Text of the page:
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How Effective Are Nematodes for Fleas?

Nematodes will not attack adult fleas.
Nematodes offer a non-toxic method for flea control in the yard.
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  • Written By: B. Koch
  • Edited By: Susan Barwick
  • Images By: Cosmin Manci, Niaid
  • Last Modified Date: 19 October 2014
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Nematodes for fleas are thought, by some, to be effective and ineffective by others. Some studies show they can kill up to 80% to 90% of fleas, while other studies have shown they are relatively ineffective. While they may not work for all situations, nematodes are a safe, non-toxic way to attempt to control fleas and other pests in the yard.

A type of microscopic round worm, nematodes are a parasite that destroys garden pests, including fleas. Nematodes for fleas work by killing the pest with a type of bacteria. After the flea dies, the nematode uses the dead flea as a space to reproduce. Nematodes will attack pre-adult, pupal, and larval fleas but not adult fleas.

The true effectiveness of using nematodes for fleas in uncertain. Some tests indicate that nematodes are highly effective, while other tests show they are not especially useful. Studies seem to show that nematodes are most effective in sandy and wet areas, while they are least effective in very dry areas. Nematodes for fleas are also only effective at destroying fleas that are outdoors, if a house is infected with fleas, other methods of control must be used.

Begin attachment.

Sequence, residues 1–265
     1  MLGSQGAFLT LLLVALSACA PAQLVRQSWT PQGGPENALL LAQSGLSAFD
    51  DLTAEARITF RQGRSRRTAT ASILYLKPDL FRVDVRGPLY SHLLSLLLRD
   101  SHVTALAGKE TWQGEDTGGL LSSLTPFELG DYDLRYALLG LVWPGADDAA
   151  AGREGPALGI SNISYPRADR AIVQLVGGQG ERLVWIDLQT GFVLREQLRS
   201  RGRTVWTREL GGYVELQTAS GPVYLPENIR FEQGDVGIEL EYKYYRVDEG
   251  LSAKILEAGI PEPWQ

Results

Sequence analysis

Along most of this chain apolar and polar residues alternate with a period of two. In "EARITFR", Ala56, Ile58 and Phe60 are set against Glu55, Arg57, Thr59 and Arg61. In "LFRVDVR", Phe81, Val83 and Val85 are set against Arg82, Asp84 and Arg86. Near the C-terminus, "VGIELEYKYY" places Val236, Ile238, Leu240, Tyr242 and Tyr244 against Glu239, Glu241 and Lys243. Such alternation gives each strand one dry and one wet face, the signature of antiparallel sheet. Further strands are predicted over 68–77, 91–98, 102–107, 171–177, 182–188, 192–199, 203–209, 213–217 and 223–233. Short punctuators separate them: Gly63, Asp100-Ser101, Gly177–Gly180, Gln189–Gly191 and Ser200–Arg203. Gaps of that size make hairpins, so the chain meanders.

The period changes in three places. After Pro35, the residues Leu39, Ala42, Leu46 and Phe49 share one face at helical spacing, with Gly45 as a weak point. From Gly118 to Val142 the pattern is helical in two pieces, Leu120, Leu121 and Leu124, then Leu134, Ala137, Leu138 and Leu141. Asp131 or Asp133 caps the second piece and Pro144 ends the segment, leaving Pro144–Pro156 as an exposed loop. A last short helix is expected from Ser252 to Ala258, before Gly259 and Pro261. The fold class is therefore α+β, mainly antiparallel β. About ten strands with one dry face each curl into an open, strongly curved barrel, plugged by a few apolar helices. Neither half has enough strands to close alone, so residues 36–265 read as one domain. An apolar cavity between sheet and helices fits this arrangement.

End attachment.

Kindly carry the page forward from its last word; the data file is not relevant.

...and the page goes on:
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Research indicates that using nematodes for fleas is safe. The worms do not attack humans, pets, or other backyard wildlife. Their population never becomes uncontrollable, as after they have destroyed all pests they need to survive, they too die. Many consider the greatest benefit of using nematodes for fleas to be the lack of chemicals or pesticides, which can endanger pets, children, and surrounding wildlife.

Nematodes for fleas can be purchased online or at some local garden stores. Typically, they are purchased in a specially designed sponge that allows the nematodes to survive out of the ground for up to one week. The sponge is placed into a bucket of water and wrung out a number of times to transfer all of the nematodes into the water. The nematode-filled water is then distributed around the yard with a sprayer.

These worms have the highest chance of survival in shaded, moist spaces, so areas under trees and brush should be treated most heavily. Nematodes also thrive at ground temperatures of over 50 degrees Fahrenheit (10 degrees Celsius) and under 90 degrees Fahrenheit (32 degrees Celsius), so it is important that the weather be neither too hot nor too cold while the nematodes are being distributed. Typically, one million nematodes are recommended for every 3,000 square feet (279 square meters) of ground.

Nematodes can also be used against any number of garden pests and not only against fleas. Termites, ants, and grubs, as well as weevils, can all be controlled by these worms. Although dangerous to many insects, nematodes, according to scientists, do not prey on beneficial garden bugs, such as earthworms.

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